Romanesque Małopolska Route

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Romanesque art was closely associated with the medieval Church and it was sacred buildings what dominated in Romanesque architecture. Characteristic features of the Romanesque style were the harshness and severity of form, simplicity and monumentality.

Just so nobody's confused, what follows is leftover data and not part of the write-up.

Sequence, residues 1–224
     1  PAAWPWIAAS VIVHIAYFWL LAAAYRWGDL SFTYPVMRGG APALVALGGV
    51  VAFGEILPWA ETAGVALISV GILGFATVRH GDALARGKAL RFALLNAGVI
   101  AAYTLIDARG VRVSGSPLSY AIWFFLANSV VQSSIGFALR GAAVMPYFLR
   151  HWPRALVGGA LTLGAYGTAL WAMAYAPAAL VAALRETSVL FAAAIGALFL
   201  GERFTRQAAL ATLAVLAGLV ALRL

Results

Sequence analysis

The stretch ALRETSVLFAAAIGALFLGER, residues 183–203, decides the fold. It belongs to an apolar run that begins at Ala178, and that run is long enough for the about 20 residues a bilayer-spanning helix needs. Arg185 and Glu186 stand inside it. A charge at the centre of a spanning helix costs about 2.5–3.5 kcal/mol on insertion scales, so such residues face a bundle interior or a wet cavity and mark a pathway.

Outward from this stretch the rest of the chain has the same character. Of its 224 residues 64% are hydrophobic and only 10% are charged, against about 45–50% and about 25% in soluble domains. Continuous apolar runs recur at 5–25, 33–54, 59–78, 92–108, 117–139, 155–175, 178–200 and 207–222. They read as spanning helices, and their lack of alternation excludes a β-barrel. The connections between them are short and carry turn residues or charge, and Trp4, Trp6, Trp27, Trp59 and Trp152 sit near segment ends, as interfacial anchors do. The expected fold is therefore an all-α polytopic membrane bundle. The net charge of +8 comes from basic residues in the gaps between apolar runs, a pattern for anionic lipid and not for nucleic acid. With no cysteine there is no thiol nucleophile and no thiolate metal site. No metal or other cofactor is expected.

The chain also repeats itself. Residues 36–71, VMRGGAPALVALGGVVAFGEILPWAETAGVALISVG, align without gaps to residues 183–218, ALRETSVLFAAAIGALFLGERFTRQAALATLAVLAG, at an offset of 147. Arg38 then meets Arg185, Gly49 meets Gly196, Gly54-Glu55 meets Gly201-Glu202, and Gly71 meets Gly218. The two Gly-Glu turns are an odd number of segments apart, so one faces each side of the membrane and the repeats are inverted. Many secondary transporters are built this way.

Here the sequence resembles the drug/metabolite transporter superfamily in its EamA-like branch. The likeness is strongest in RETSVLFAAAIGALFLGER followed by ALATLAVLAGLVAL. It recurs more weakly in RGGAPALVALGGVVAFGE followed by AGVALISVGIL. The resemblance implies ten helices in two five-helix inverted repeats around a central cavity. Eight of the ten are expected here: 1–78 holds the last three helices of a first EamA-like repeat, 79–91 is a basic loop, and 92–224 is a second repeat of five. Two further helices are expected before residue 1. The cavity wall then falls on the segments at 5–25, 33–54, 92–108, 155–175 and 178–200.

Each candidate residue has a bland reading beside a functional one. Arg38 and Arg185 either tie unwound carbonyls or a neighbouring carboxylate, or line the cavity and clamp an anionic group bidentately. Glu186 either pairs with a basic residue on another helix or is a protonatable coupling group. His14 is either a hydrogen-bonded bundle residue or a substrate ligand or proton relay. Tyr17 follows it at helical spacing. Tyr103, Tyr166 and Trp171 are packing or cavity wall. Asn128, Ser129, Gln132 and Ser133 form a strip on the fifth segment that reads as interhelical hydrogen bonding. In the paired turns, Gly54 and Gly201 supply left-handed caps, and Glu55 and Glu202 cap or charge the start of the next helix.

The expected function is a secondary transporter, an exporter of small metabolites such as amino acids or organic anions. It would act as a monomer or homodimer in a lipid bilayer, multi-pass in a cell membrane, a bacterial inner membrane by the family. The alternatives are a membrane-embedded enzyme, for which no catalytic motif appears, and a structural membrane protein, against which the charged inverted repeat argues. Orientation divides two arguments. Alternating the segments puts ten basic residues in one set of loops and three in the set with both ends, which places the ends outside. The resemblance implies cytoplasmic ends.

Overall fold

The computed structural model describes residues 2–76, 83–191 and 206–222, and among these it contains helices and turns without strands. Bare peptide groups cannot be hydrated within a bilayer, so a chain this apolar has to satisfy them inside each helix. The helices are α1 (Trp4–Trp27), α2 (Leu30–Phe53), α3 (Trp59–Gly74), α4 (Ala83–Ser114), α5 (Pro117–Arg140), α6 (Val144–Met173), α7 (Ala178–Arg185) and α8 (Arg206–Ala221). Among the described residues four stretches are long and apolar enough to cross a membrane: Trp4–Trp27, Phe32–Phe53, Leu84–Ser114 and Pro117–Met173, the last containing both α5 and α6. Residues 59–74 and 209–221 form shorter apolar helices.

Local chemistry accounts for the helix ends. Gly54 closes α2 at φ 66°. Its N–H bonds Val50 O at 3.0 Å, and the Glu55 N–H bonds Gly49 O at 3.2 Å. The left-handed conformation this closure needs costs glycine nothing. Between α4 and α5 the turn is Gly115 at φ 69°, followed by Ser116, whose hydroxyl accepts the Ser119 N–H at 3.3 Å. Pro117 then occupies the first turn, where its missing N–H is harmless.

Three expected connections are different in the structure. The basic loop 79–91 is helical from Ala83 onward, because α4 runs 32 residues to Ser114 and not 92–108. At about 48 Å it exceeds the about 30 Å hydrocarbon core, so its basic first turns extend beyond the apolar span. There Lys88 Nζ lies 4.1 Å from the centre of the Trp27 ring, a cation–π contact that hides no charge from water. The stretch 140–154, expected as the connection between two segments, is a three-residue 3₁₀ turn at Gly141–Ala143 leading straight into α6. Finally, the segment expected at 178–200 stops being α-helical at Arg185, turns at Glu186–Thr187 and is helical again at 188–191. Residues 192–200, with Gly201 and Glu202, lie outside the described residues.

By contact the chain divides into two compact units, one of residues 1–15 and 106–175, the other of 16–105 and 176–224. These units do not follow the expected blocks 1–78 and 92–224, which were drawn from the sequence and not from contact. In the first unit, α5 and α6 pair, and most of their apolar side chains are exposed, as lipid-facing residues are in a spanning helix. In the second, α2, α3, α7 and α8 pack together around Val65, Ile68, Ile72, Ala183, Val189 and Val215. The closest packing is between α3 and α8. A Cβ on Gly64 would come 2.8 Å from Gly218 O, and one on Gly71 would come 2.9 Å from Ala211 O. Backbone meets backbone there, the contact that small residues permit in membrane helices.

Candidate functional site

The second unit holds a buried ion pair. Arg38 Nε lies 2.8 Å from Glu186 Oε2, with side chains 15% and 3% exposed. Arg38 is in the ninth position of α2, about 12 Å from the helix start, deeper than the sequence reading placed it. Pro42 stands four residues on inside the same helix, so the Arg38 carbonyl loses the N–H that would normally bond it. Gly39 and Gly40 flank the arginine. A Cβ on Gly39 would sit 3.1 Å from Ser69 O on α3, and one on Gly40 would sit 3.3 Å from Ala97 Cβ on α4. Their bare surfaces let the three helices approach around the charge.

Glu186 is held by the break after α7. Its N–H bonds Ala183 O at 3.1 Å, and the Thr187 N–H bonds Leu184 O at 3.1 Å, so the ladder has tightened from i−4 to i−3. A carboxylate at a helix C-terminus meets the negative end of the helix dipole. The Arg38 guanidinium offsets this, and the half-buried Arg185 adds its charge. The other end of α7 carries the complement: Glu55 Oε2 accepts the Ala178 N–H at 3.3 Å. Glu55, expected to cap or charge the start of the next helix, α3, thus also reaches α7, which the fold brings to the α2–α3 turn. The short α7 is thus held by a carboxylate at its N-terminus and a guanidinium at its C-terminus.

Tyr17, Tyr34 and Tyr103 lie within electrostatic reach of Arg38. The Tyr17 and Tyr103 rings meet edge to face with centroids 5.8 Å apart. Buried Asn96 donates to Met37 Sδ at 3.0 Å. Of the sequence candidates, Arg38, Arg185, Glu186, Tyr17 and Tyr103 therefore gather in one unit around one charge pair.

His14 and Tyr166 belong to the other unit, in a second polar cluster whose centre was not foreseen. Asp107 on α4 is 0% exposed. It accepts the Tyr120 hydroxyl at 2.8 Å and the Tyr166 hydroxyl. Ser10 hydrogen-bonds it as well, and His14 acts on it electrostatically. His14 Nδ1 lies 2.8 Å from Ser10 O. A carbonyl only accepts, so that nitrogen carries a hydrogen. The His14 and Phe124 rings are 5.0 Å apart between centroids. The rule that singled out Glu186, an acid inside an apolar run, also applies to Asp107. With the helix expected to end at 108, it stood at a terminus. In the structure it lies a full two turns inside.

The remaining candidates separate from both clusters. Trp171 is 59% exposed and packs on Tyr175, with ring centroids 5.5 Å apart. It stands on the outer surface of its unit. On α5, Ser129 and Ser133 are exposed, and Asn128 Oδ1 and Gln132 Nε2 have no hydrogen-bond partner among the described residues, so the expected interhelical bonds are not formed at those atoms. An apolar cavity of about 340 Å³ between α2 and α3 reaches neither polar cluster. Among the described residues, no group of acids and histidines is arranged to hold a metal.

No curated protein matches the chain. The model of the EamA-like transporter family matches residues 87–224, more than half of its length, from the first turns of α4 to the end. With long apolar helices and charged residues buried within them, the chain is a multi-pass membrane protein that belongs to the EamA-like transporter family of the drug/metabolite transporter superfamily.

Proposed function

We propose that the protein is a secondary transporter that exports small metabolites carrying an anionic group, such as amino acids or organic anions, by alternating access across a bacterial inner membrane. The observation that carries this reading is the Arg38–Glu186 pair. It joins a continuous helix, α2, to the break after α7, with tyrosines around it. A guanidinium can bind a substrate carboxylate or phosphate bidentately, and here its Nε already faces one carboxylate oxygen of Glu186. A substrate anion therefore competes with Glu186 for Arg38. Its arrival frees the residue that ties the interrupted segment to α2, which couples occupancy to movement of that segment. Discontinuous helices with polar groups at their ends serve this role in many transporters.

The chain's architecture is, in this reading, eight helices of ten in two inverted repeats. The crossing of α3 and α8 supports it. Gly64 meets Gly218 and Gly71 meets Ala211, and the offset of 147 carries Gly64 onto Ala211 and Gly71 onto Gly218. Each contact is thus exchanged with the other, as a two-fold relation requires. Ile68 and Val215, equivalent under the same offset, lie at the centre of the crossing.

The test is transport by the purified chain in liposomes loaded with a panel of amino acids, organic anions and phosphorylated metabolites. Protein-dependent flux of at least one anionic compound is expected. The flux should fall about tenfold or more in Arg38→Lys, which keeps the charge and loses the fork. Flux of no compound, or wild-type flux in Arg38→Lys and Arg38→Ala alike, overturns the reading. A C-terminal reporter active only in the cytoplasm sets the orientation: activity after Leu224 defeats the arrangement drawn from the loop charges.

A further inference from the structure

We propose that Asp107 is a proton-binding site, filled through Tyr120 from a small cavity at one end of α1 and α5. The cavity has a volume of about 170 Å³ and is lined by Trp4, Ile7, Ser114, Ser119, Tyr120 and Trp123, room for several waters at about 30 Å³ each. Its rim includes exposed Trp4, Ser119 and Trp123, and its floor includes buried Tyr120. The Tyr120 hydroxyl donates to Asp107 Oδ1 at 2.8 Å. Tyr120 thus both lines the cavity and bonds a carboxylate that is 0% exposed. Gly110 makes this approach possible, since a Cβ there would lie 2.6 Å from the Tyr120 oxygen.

In Poland, this style appeared in the 11th century, at the time of the reign of King Casimir I the Restorer, who had transferred the main centre of the state authority from Gniezno to Kraków and renovated the diocese of Kraków. His activities was a reason for which in Małopolska many new buildings were erected at that time, a large part of which have survived, though in fragments, to the present day. It is worth remembering two Romanesque cathedrals that used to have existed on the Wawel Hill and whose preserved fragments are now hidden in the current Royal Archcathedral Basilica of St. Stanislaus and St. Wenceslaus in Kraków, the Norbertines’ church and convent in Zwierzyniec, the Benedictine Abbey in Tyniec founded by King Casimir I the Restorer and one of the oldest books in Poland kept there - Tyniec Sacramentarium, the Cistercian Abbey in Mogiła, original Romanesque architecture of the church in Wysocice or the picturesquely located little church in Tropie.


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